So lets look at what are dealing with. We have entities (e.g., songs) that may be described in terms of a set of semantic properties defined over ranges that may be totally ordered (i.e., numeric), partially ordered (i.e., taxonomic), or unordered (i.e., enumerated). Furthermore, the feature space is not a level playing field in the sense some properties may be more important than others (e.g., song date of publication vs. the tempo).
One thing that both the document retrieval and the music recommender problems have in common is that in both cases we have an apples-to-apples comparison in that only a single class of entity is involved . What if the issue is more akin to assessing the similarity of a restaurant’s menu to the inventory of a grocery store?
To illustrate what I mean, lets expand the music example so as to include not only songs, but bands and concert tours. Assume we are interested in quartets that mostly play swing-style jazz, that have won at least 2 Grammy awards, and that have toured most recently in either Japan or Europe. Keep in mind that this is not a data base query in that we are not looking for exact matches. Rather we want to query a knowledge base and find bands with similar characteristics.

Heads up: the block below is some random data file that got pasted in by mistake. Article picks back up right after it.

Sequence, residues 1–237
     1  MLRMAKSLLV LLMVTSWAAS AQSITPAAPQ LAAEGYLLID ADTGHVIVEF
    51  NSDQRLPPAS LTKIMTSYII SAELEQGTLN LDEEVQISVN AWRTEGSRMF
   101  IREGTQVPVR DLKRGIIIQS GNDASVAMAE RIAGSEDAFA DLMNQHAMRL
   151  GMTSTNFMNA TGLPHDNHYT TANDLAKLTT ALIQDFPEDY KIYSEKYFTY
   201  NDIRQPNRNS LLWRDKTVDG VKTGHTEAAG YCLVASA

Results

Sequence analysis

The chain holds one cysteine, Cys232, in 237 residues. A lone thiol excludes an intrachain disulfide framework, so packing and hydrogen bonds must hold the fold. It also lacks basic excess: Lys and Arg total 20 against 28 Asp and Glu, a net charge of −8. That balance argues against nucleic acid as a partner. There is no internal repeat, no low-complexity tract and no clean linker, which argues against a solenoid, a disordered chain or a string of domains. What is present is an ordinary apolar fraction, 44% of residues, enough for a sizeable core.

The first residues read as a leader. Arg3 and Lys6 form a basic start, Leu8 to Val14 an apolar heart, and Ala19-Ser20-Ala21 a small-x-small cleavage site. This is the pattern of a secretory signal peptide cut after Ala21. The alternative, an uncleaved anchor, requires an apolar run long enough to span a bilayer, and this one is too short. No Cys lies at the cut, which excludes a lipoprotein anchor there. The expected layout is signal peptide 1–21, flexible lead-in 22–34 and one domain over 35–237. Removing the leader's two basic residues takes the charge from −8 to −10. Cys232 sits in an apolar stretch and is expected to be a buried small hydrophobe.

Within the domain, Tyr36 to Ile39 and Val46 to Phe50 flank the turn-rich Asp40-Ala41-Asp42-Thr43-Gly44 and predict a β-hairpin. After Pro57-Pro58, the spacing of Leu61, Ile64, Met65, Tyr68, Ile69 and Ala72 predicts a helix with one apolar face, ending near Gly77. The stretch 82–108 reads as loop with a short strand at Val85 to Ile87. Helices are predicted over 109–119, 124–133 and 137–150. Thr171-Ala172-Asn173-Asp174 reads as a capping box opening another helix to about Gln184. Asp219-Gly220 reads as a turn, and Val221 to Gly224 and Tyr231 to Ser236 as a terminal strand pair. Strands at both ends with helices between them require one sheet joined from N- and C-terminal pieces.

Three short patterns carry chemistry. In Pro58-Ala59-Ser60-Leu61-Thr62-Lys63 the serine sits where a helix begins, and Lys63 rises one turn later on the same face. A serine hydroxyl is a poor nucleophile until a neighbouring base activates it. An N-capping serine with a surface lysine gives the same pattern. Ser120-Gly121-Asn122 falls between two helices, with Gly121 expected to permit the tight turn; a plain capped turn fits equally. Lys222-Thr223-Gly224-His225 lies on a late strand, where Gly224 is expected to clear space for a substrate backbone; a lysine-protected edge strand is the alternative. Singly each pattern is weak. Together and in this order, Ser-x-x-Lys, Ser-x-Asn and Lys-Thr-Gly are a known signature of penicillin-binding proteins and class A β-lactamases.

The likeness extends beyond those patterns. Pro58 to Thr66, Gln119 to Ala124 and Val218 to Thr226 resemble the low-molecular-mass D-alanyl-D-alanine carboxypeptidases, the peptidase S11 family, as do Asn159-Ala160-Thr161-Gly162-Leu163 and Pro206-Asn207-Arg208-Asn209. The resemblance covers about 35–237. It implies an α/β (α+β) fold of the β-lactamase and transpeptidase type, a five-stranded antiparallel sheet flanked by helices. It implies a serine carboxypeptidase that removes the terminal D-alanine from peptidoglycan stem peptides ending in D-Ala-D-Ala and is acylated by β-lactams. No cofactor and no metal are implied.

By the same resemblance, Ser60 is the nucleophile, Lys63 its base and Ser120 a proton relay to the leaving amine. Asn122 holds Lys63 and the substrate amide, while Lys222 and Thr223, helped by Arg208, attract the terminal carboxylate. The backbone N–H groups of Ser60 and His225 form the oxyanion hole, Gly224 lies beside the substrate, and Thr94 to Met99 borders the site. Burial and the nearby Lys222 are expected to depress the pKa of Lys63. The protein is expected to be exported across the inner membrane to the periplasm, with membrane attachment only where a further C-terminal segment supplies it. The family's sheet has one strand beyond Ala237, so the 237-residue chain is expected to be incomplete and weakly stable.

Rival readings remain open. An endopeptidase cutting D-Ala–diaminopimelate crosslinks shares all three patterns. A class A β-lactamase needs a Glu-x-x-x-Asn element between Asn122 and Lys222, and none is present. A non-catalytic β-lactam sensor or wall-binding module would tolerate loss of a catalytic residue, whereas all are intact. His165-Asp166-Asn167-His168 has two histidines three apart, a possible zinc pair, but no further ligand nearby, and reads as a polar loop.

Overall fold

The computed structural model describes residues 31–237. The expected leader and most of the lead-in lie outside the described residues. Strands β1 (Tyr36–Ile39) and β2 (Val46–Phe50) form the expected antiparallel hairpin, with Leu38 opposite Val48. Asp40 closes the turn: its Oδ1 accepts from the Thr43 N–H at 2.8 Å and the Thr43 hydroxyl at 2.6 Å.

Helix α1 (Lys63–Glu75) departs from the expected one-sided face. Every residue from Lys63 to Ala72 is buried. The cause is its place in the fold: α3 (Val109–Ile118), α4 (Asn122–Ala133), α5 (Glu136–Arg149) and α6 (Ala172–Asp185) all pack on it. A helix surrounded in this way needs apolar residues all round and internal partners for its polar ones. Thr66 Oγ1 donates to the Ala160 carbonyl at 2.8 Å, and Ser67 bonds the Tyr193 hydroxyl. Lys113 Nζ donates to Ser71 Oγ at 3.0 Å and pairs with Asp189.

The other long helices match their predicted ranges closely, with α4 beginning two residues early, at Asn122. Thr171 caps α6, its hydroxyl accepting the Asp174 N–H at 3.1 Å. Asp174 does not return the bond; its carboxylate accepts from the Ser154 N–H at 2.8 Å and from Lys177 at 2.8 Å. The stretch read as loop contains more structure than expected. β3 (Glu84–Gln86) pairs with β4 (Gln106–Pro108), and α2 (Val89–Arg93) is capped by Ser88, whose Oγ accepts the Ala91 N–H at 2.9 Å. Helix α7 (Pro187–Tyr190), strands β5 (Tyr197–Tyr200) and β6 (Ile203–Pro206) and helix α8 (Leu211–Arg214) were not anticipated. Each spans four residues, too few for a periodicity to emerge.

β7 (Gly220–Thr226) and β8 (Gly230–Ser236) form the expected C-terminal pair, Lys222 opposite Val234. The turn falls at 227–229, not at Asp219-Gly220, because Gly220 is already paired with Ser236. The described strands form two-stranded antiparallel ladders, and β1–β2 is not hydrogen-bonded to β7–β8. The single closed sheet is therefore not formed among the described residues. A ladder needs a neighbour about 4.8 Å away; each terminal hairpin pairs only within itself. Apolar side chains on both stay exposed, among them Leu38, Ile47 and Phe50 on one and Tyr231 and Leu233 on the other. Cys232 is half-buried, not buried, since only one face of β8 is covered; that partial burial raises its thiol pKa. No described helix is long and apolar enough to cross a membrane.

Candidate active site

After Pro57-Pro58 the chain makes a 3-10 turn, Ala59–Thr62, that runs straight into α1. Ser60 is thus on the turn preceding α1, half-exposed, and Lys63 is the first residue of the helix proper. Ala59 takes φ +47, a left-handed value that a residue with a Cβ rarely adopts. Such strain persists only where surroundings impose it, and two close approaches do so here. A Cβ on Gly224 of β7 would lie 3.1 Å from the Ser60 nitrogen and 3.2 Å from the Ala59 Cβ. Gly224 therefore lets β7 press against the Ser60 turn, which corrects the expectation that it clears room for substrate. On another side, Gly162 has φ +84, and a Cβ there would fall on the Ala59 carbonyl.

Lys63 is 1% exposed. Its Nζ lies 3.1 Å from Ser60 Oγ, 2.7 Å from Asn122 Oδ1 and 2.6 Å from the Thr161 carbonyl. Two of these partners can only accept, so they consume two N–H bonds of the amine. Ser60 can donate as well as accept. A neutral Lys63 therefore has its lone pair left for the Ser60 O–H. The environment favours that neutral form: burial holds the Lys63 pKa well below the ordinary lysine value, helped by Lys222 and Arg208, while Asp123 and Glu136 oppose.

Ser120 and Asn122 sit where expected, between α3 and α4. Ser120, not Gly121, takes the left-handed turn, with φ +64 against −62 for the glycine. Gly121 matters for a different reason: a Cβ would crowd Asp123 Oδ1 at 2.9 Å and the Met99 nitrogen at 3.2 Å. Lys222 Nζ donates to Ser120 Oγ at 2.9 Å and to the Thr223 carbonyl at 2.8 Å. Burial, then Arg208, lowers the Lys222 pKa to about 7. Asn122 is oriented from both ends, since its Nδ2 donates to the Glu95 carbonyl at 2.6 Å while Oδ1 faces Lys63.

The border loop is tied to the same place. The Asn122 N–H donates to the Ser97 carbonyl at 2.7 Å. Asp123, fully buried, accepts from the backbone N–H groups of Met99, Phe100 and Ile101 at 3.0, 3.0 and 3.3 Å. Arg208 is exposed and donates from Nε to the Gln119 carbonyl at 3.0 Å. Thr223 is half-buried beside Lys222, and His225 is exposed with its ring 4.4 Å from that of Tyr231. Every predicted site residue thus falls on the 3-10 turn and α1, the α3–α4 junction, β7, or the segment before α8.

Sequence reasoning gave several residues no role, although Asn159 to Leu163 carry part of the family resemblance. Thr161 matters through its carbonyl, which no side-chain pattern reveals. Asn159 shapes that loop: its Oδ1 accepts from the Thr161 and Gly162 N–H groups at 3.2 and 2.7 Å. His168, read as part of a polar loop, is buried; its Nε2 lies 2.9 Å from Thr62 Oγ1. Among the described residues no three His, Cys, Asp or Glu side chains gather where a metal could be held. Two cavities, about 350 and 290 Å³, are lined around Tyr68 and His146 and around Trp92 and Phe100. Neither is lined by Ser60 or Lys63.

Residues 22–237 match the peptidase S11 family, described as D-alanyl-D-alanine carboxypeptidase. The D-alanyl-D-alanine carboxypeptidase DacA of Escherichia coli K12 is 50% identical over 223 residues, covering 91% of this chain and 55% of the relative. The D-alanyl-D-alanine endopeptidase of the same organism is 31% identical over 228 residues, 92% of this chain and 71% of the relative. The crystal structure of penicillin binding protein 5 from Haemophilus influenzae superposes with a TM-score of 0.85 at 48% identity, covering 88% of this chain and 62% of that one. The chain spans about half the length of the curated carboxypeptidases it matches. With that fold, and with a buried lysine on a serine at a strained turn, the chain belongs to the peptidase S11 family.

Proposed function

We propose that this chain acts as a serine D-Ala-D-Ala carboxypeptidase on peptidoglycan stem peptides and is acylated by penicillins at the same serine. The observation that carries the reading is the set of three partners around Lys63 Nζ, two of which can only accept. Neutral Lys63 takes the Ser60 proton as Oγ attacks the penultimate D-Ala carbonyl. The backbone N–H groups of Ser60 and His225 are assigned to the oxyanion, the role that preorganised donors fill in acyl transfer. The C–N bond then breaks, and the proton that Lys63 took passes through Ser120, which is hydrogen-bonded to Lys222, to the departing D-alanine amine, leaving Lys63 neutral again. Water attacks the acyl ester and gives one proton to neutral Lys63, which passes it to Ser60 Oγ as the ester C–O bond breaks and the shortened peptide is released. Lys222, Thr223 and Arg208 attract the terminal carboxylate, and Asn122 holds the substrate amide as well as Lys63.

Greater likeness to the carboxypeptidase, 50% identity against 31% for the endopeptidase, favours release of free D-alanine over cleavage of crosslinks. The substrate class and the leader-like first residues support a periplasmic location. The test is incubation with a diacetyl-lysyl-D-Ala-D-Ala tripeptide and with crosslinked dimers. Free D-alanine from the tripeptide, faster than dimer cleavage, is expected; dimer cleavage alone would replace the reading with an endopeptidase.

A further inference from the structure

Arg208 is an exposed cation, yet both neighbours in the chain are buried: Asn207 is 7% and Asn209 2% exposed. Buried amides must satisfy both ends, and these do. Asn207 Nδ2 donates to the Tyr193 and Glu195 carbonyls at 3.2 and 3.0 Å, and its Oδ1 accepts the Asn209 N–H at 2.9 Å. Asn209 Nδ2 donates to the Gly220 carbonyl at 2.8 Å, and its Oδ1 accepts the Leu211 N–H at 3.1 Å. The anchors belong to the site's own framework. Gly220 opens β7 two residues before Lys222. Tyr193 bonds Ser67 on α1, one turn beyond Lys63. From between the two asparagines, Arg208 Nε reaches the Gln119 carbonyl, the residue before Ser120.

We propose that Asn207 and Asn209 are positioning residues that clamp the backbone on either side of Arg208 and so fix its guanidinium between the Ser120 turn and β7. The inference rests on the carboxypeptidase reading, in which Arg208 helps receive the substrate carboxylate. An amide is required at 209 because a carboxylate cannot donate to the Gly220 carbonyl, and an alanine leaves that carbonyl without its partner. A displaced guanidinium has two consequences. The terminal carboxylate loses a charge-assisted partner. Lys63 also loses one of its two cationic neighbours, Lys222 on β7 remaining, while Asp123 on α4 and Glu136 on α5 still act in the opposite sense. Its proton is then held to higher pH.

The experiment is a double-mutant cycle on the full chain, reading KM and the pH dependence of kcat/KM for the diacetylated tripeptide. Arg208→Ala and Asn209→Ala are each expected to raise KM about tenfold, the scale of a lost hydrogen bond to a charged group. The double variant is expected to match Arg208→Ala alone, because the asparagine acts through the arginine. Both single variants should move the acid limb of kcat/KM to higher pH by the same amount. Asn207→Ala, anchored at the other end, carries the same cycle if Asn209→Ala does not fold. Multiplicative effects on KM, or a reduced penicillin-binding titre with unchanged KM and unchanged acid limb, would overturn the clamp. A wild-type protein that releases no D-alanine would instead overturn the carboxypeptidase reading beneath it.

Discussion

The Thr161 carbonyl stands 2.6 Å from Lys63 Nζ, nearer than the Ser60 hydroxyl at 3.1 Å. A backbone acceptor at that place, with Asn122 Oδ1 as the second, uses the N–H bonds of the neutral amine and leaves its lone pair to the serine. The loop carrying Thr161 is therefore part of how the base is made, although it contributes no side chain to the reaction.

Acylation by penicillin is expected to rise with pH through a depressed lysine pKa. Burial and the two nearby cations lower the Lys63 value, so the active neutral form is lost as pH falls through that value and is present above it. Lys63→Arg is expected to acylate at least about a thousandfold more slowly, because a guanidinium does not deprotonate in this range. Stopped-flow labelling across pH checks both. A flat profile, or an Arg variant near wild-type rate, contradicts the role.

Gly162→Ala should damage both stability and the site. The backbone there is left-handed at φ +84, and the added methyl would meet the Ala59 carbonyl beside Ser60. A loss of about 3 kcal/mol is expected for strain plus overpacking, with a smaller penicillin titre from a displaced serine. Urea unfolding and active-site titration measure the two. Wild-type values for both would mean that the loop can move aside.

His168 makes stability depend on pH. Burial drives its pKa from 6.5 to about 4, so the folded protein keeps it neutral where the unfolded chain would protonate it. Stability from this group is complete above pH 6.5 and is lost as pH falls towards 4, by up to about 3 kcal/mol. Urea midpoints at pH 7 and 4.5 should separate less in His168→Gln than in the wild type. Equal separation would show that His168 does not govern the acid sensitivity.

The problem is we are now dealing with an aggregation of similarity-related issues. We still have the problems of concept similarity (e.g., which is closer to swing: Afro-Cuban or hard-bop?), concept sets (e.g., assessing the similarities of a body of work rather than individual songs), and heterogeneous property ranges (e.g., ordered, partially ordered, etc), but have added issues relating to relationships between entities of different classes (e.g., the concert tour) and logical comparisons involving order (i.e., the ‘most recent tour’ criteria) and sets (i.e cities included on the tour).